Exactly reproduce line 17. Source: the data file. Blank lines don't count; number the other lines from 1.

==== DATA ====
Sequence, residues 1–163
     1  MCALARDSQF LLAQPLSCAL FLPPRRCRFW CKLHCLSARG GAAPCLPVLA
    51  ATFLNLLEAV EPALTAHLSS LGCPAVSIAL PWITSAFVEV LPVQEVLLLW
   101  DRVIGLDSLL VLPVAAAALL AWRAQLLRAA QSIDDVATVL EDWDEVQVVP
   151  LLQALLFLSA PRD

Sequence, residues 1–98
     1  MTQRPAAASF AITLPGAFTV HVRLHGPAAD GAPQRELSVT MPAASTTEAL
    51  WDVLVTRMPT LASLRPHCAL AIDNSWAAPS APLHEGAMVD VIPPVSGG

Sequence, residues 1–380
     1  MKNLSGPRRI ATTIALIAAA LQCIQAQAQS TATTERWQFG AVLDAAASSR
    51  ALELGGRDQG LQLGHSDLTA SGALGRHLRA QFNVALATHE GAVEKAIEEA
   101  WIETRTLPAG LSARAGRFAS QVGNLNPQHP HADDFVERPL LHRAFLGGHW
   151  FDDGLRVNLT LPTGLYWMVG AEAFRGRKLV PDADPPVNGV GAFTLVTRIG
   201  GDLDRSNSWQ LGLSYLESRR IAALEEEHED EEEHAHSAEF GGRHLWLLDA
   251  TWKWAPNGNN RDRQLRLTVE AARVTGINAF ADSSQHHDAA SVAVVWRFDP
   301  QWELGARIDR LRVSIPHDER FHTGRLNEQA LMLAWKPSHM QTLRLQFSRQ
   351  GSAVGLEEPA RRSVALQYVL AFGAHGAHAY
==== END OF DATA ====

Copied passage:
   351  GSAVGLEEPA RRSVALQYVL AFGAHGAHAY